This is a powerful painting. It comprises of the sacred trinity of creator (Brahma), preserver (Vishnu), and destroyer (Shiva), and the Devi Kali Herself. Brahma-Vishnu-Shiva are paying their homage in unison to the supreme Devi, while She seated on a flaming pyre in all Her ferocity and divine glory, as the three supreme lords of the composite universe reach out to Her in Their devotion. The pyre that constitutes Her asana is made up of logs of wood and the naked bodies of a man and a woman. The fire that rages around Her has been projected with determined brushstrokes in rich orange, and emits copious proportions of deadly black smoke. The Devi's iconography is what could be termed disturbing for those used to the soothing, maternal image of the Indian devi. Seated in a poorna-padmasana, a tiger-skin functions as Her loincloth, while the shringar on Her limbs and torso comprises of human skulls and wild snakes. With Her four hands (chaturbhujadhari), She wields weapons and dispenses blessings with equal fervour. She lets out her tongue in bloodlust; Her temple bears the spiritual third eye against a spattering of coloured ash; and a pristine moon is perched on Her dishevelled tresses.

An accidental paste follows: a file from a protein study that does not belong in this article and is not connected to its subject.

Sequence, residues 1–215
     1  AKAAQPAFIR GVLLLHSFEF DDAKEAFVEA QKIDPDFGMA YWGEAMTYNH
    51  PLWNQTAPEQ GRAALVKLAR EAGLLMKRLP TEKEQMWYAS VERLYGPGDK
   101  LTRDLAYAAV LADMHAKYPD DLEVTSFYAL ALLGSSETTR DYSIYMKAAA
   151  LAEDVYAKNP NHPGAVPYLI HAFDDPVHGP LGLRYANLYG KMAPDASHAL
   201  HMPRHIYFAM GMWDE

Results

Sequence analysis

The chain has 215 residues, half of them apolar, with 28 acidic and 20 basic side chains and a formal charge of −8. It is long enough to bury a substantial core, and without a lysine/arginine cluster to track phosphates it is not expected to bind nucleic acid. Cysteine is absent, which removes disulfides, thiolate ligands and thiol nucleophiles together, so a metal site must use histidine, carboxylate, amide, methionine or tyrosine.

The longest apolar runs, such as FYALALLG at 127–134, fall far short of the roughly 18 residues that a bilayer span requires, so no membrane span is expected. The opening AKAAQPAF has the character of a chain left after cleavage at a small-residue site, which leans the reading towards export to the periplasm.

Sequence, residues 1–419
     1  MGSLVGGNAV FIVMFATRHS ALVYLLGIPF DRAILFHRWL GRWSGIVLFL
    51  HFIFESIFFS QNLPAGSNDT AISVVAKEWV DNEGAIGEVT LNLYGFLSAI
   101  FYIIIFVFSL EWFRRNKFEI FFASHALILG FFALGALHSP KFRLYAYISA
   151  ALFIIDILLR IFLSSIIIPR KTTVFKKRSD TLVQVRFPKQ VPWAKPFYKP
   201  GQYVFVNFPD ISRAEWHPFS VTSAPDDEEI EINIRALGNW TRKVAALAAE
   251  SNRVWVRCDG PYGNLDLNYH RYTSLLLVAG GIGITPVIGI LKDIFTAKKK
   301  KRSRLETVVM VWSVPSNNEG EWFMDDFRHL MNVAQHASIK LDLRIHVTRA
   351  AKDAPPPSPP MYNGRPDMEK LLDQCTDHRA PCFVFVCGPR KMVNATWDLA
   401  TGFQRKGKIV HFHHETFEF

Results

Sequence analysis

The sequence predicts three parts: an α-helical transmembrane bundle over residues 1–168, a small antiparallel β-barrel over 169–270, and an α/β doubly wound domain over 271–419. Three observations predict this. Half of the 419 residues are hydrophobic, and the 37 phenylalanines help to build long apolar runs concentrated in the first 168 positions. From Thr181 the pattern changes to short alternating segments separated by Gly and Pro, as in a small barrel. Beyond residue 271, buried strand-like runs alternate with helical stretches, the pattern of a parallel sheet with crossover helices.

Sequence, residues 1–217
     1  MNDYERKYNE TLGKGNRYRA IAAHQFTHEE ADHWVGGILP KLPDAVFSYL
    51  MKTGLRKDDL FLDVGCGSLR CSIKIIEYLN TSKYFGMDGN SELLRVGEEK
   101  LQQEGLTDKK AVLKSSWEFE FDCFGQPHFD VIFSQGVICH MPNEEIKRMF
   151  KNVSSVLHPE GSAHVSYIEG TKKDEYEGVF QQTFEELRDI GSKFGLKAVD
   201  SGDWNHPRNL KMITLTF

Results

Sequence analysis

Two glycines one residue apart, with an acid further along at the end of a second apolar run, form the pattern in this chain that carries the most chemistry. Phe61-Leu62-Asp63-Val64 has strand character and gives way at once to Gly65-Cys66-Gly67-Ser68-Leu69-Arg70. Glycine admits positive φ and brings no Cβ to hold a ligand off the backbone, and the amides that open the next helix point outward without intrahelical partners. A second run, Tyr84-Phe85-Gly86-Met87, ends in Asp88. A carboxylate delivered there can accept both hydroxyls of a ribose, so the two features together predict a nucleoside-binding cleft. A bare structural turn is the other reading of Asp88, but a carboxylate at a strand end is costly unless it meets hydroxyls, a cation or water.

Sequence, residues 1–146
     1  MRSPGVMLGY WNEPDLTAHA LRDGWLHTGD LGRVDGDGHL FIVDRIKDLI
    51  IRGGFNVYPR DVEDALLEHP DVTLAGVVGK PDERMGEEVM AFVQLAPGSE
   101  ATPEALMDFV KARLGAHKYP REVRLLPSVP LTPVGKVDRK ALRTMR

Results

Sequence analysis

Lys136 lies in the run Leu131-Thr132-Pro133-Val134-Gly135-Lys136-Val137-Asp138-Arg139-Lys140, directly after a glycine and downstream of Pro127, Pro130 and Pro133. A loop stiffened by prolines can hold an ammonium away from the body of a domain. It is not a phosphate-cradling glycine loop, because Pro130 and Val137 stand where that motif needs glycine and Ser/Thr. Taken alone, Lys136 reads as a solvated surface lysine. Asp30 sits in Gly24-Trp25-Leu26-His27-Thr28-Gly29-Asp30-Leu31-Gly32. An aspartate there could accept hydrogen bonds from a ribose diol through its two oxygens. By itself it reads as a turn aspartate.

Of the three deities, it is Shiva's iconography that is somewhat of a match to Hers. His tresses are as matted and moon-ridden as Hers, as opposed to the ornate bejewelled gold of Their lotus petal-tipped crowns. His tiger-skin loincloth and skull-and-snakes shringar are in stark contrast to the coloured silks and jewels of Brahma and Vishnu. All three deities are barefoot on the lush verdure that makes up the background of this watercolour. Note the ashen-faced curs at the mouth of the pyre, which are seemingly ready to charge on the adharmee.